a resident of South of Midtown
on Mar 23, 2012 at 5:21 pm

The Caltrain ridership numbers are being confused with the number of customers. Although 20,000 people use it each day, not all the users use it every day. That means that today's 20,000 people are not the same as tomorrow's 20,000 people. If most people use it twice a week, then the user base is 2.5x the daily ridership.


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Posted by Anonymous
a resident of another community
on Mar 24, 2012 at 10:18 am

@Mila: electrification most assuredly does NOT require grade separations. I know the Daily Post repeats this over and over, but that doesn't make it right.


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Posted by Joe
a resident of Another Palo Alto neighborhood
on Mar 25, 2012 at 3:51 pm

> then the user base is 2.5x the daily ridership.

There are unique people who use the train, and their is ridership (number of one-way trips provided to users). Caltrain publishes "ridership" which is straightforward to determine. "Unique people" is a little harder to determine, although a certain amount of identity tracking is possible when people uses multiple trip passes.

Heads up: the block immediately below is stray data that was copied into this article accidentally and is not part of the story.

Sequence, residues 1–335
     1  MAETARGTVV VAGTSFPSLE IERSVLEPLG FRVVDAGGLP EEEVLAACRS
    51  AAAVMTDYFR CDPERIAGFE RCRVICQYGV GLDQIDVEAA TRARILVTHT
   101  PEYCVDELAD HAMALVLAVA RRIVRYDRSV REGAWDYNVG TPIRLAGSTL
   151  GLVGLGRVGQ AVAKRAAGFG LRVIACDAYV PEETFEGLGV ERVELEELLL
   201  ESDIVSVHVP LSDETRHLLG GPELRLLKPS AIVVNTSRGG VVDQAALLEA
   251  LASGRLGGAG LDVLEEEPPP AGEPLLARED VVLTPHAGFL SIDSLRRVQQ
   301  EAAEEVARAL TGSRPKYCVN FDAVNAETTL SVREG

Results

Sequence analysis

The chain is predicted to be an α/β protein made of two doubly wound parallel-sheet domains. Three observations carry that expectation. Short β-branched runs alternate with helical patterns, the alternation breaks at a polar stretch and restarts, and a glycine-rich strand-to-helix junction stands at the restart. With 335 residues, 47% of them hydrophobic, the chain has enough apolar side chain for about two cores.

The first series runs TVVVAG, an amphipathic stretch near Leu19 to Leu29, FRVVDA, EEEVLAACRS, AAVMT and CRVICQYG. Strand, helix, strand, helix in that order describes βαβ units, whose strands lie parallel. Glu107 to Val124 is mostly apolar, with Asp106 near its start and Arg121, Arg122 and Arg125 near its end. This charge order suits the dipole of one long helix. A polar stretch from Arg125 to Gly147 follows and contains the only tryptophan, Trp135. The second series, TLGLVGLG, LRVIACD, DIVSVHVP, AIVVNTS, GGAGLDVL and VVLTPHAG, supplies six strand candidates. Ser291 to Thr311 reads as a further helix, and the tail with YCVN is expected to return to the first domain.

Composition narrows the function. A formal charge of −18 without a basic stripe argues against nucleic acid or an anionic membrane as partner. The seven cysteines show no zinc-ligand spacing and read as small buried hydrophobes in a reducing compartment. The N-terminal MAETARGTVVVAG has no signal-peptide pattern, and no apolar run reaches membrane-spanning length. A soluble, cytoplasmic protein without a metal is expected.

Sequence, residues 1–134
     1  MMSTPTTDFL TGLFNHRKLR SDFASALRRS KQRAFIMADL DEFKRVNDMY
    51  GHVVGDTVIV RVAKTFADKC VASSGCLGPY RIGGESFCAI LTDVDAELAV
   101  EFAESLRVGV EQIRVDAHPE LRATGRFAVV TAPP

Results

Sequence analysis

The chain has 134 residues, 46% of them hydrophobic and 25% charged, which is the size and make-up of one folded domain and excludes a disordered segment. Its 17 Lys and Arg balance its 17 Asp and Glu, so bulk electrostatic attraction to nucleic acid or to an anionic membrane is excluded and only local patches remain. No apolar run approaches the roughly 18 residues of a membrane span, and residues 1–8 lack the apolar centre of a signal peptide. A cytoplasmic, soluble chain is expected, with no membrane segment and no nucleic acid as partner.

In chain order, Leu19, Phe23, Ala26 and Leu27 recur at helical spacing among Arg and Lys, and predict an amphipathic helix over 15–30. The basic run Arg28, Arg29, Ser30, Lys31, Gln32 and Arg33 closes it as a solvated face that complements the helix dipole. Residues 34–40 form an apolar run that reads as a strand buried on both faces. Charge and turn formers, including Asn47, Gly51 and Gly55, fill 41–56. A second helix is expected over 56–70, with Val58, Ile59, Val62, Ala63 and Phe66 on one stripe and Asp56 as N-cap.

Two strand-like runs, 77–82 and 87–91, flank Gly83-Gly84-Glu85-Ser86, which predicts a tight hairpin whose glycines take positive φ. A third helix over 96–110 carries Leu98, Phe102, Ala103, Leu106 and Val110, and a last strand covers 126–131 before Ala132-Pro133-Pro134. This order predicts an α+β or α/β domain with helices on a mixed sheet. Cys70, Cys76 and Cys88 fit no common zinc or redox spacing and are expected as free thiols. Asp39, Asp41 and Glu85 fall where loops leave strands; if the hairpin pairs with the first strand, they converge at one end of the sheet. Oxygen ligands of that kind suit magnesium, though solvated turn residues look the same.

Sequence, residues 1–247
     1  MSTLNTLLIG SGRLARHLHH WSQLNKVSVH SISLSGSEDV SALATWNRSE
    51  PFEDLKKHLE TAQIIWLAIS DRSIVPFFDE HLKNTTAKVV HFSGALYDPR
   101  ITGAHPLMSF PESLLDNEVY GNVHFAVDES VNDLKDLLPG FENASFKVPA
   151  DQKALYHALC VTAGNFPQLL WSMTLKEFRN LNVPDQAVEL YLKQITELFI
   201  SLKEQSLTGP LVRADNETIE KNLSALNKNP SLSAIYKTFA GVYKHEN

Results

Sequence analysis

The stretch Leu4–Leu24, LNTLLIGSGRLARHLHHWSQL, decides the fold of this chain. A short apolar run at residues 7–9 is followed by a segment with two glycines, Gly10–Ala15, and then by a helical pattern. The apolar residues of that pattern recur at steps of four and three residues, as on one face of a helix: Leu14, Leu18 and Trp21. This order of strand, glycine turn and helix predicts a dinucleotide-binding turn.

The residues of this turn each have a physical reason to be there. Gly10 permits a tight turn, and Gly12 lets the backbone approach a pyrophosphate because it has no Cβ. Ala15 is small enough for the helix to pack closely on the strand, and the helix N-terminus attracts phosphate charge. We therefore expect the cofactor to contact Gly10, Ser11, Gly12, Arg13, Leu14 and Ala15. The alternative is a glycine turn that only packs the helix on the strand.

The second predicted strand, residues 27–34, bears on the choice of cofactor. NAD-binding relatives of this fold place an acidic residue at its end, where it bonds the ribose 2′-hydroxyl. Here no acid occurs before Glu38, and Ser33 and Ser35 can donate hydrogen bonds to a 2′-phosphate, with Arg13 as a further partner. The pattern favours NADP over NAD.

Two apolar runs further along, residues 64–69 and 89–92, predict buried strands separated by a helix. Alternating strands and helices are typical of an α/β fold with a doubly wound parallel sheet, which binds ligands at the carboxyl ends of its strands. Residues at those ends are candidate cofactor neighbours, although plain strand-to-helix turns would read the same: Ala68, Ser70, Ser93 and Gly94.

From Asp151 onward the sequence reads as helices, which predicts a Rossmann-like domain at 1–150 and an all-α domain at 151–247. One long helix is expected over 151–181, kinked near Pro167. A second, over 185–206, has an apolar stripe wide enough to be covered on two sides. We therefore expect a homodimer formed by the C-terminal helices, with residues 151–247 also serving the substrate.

Assuming that the average person makes two trips a day, then it's not hard to divide the daily ridership by two, to determine the number of unique people using the train. The ridership on the weekends is different from that during the week, so these numbers would likely have to be added, but this requires that we create a new variable, such as unique-person-trips. Without actually tracking each person by some sort of tracking number (such as an RFID pass), the exact number of unique people can not be precisely known--however it will always be somewhere near the ridership/2.


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Posted by Mila
a resident of Community Center
on Mar 25, 2012 at 4:53 pm

@ Anonymous; your are right, electrification of Caltrain does not require grade separations, and I've never said that. I don't think anyone has. I'm saying that if significant work "improving" the Caltrain corridor to permit increased train traffic doesn't include grade separations at every crossing, then it's a bad deal for the Peninsula. The safety, traffic (auto and pedestrian), and noise problems associated with increased rail traffic are, to the best of my knowledge, undisputed.

What exactly are you trying to say?